Winston has a knack for finding end zone

Cougs’ redshirt junior receiver is new go-to guy for Minshew in red zone



Redshirt junior wide receiver Easop Winston Jr. dodges a tackle while running downfield against Eastern Washington University on Saturday in Martin Stadium.

JACKSON GARDNER, Evergreen reporter

You wouldn’t necessarily classify redshirt junior receiver Easop Winston Jr. as a “niche receiver” — he’s much better than a receiver who would get that kind of label.

But regardless, Winston has found a niche as the go-to guy in the red zone for WSU football’s new graduate transfer quarterback Gardner Minshew II. And while every Cougar wide receiver has to have a pretty extensive route tree — and Winston is no different — he has begun to make his chips on one particular route: the end zone fade.

The end zone fade is designed to take advantage of man coverage that defenses will typically go to in the red zone. And what the offensive coordinator and quarterback are essentially saying by going to that particular route is, “our wide receiver is better than your cornerback.”

That is where trusting your receiver comes in to play.

“Easop’s great, man,” Minshew said, following the 59-24 dismantling of Eastern Washington University on Saturday. “He is a student of the game and really understands how to run routes especially down there [in the red zone] when you get man coverage. He does a really good job of attacking those guys and he’s a guy we’ve got a lot of trust in right now.”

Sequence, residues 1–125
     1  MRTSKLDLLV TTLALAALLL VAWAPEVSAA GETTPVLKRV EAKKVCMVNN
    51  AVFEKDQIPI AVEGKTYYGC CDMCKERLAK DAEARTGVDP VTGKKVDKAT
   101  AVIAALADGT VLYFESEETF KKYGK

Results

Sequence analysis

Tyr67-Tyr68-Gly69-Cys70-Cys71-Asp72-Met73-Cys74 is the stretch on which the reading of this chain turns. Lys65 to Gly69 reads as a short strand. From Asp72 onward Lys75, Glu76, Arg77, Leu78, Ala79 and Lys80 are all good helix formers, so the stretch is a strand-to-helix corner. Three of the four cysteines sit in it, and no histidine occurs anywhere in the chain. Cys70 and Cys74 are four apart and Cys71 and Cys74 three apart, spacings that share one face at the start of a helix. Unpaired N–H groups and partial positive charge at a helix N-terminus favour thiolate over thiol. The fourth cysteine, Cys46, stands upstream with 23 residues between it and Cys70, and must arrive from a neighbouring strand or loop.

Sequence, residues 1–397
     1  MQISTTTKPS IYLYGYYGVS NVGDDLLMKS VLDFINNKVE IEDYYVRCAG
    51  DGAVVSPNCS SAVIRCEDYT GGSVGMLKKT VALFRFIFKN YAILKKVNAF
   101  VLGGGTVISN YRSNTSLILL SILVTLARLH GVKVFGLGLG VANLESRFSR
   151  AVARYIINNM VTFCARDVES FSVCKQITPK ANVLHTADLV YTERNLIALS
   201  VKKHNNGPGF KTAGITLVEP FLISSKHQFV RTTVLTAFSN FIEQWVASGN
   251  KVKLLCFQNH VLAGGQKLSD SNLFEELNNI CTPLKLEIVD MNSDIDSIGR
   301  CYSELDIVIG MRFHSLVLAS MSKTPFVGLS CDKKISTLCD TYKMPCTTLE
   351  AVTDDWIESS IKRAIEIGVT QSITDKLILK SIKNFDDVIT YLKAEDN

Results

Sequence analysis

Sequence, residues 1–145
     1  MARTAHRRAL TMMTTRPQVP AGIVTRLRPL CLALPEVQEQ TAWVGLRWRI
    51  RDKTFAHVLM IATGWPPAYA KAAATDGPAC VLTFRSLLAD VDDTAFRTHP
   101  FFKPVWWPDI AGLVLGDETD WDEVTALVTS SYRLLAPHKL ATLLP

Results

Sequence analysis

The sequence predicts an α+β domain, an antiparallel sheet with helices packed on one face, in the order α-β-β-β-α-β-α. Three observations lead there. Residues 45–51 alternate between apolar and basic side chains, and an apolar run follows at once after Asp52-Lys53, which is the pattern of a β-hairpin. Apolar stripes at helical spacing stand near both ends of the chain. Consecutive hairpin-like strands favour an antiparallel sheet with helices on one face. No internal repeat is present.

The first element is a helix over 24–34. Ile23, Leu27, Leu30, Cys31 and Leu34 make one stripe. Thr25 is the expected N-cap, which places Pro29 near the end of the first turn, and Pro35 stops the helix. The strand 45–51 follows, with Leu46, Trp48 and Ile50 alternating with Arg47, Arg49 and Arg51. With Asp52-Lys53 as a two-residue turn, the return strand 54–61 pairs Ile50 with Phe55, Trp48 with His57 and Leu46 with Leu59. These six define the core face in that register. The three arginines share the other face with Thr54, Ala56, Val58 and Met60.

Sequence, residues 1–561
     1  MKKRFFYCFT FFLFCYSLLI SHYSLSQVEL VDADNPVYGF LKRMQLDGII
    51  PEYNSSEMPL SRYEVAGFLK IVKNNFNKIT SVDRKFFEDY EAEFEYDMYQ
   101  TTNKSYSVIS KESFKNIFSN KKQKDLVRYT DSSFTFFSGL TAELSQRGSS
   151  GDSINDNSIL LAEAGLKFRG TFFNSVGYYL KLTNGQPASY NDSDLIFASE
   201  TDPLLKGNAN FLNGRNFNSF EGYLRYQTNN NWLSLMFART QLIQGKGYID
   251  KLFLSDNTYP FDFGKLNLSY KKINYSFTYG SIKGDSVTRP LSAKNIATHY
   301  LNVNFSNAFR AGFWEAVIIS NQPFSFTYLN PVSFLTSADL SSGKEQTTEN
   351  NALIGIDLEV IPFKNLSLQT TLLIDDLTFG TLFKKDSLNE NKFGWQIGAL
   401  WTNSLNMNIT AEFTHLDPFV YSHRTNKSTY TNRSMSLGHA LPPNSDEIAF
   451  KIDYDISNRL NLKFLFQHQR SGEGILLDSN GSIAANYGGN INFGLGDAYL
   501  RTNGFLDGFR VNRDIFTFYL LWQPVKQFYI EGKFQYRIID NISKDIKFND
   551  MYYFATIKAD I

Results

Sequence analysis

It is a route that traditionally favors bigger-bodied receivers — say 6-foot-4-inch, 220-pound junior receiver Dezmon Patmon or 6-foot-3-inch, 185-pound sophomore Tay Martin. And while Patmon and Martin are capable of running a crisp end zone fade, Winston, at 5 feet 11 inches and 190 pounds, has been the receiver of choice for Minshew.

It requires good chemistry between a quarterback and a receiver: a good toss from the quarterback to start the play, and a receiver who knows how to give himself just a sliver of separation in order to pull in the catch to finish the play.

Obviously these are skills that only come with extensive practice, something Winston has under his belt. And the guys who are practicing with Winston every day can attest to his ability of getting open in the end zone.

“He’s just relentless, he doesn’t give up,” Martin said. “That fade ball, I’ve seen him run it 100 times and it’s the same way. He just gets open. The guy’s a stud, man.”

Sophomore receiver Jamire Calvin agreed.

“He’s faster than you’d think and he’s quicker than you’d think,” Calvin said. “He’s better on the outside. He knows how to freeze the defender then get outside and get leverage and be able to just catch the ball. He’s got really big hands so catching the ball isn’t hard for him.”

Winston scored his first touchdown via an end zone fade in week one against University of Wyoming. Then his second came in the exact same fashion Saturday night against EWU, and it would have been two if he could have pulled in a ball that was just past his outstretched arms.

He has been a viable option in the red zone. Head Coach Mike Leach attested Winston’s success to his technique and being the best route-runner on the team.

“He’s really good at running routes and he’s really good at coming out of his cuts,” Leach said after Saturday’s game. “Technique-wise he’s probably the best one. You know, the biggest thing is we got young receivers and a new quarterback and those guys getting tuned in with one another is starting to happen slowly but surely.”